Two weeks into a new year and our first trip to the theatre. You thought we’d given it up for 2013 didn’t you?
We’ve given other things up, well at least Andrew has. He’s having his now-customary January-off-the-sauce detox. Phil has gone the other way. He’s been playing the new Jeremy Piven drinking game which involves taking a swig of alcohol every time Piven’s titular Mr Selfridge gives one of his many signature toothy grins and raises both arms in the air. It’s quite intoxicating and not recommended on an empty stomach.
So with two theatrical experiences to get through in one evening* Phil went with Andrew’s flow and stayed dry too. In normal Whingering circumstances they’d have felt the spirit and spirits of Oscar Wilde in themselves. In David Hare‘s The Judas Kiss Wilde – however reduced his circumstances – never seems to be short of alcohol. It was a cruel irony for for a cold sober January evening.
Phil had bad memories of the play: he’d witnessed Liam Neeson’s horribly miscast Wilde (with Tom Hollander as Bosie) the first time round in 1998. Neeson clearly wanted to set the record and Oscar straight and played him as, err, Liam Neeson. No such problems with Rupert Everett‘s much-talked-about portrayal (transferred from Hampstead), he’s a believably plausible and haunted Wilde and also remarkably jowly and lumpen (in a fat suit one must assume); there’s more Oscar displayed here than on Daniel Day Lewis’ mantlepiece. You can almost smell a green carnation from the stalls.
Oscar is holed up in luxury in the Cadogan hotel about to be arrested for ‘gross indecency’ after the collapse of his libel case against the Marquess of Queensberry but is persuaded to stay for the ill-judged love of his defamer’s son Bosie (Freddie Fox splendidly irritating) and to defend his honour rather than escape abroad. Act 2 sees post-prison Oscar a broken man holed up in a rubbish hotel in Naples with the ghastly Bosie parading his latest conquest. Two years in Reading Gaol looks a preferable option.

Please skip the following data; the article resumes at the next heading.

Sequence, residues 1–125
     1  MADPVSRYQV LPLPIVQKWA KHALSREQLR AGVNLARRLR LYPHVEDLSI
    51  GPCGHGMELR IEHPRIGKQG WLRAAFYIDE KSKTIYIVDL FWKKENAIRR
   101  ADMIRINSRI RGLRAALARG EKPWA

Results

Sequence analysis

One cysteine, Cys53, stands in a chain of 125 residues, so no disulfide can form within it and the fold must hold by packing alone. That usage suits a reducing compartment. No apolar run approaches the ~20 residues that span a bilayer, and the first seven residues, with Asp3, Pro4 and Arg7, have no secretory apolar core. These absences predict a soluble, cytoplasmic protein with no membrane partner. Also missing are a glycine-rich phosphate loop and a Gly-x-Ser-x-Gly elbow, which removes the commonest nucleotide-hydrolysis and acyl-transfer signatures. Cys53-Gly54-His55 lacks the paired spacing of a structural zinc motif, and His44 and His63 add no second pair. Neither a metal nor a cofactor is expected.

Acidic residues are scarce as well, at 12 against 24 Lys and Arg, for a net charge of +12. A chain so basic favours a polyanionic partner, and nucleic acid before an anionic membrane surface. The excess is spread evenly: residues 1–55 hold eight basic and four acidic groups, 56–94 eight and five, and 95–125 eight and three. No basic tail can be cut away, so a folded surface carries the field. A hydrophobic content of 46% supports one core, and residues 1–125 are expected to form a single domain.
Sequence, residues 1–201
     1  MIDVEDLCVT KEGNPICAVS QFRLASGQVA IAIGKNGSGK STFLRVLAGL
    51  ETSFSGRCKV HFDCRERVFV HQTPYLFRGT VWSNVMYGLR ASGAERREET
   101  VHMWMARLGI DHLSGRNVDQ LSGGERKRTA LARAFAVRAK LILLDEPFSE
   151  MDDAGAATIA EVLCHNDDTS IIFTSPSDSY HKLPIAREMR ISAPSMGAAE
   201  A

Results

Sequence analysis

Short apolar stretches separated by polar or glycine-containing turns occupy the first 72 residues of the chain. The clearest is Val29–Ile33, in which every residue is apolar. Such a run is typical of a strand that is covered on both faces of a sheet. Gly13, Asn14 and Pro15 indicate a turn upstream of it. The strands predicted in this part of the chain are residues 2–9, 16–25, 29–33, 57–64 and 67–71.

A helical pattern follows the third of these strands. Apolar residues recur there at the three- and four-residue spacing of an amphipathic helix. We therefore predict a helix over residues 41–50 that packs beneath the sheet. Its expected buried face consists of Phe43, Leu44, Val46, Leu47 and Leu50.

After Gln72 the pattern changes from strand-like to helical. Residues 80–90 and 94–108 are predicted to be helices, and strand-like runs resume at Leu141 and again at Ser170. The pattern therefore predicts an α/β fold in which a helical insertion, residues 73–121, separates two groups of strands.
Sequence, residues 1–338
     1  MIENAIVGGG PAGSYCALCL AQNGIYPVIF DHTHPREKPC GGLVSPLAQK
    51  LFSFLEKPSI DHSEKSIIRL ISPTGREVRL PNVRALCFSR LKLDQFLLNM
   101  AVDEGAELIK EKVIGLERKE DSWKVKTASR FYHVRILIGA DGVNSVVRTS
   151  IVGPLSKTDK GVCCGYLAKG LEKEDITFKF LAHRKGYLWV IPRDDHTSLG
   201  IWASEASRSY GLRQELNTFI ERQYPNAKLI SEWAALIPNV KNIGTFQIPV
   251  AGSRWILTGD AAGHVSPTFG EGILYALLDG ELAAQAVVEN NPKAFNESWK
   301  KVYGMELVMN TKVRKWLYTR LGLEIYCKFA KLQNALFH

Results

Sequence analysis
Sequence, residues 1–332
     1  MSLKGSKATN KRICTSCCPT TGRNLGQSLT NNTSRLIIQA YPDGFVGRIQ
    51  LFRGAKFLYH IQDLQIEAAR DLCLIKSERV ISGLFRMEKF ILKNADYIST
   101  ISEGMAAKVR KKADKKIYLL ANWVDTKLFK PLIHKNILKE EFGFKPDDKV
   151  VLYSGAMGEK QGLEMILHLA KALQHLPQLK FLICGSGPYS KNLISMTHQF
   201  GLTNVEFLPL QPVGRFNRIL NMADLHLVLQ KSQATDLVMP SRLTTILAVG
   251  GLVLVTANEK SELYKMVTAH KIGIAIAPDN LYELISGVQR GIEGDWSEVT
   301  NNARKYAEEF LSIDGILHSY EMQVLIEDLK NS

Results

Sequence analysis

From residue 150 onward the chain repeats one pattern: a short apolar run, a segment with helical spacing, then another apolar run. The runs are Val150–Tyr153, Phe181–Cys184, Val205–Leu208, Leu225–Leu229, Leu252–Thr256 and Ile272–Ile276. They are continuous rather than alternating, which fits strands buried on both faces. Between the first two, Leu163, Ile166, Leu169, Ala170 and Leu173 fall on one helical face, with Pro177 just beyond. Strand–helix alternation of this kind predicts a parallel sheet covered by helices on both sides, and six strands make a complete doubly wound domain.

There’s plenty of gross indecency on the London stage currently but not at the Duke of York’s (try the Piccadilly Theatre for that) as Neil Armfield‘s production is well-cast from Cal MacAninch’s eminently sensible Robbie Ross down to the servants’ roles. Maybe they’re just after tips but the hotel staff seem surprisingly Bohemian but that’s the world of hospitality for you.
There’s a scene-stealing sauce-making scene which was so distracting for Phil that the words uttered during it fell on deaf ears. And yes, there are a lot of words. It’s rather talky and static at times especially in Act 2 with Oscar pretty much confined to a chair, though penury and immobility brings out plenty of flashes of wit which are delivered by Everett with deliciously dry disdain.
And there was more to like too. Andrew was impressed with the lighting (Rick Fisher) and Phil loves the Aubrey Beardsley / The Yellow Book styled poster.
For the easily offended there’s an awful lot of male undercarriage on display and one can’t help but speculate about the audition process. Presumably the actor playing Bosie’s Italian fisherman friend (no, we’re not going there) was required to drop his kecks and wave it around to see if he measured up to the, err, part and was sufficiently hung like a Tesco burger.
Roll on February when normal insobriety will be resumed.
* The Whingers went to see a platform at the Cottesloe before the play: polymath actor/writer/presenter Ian Kelly in conversation with Al Senter talking about his latest and hugely entertaining biography of Samuel Foote (Mr Foote’s Other Leg) with an extract from one of Foote’s plays thrown in for good measure. Great fun.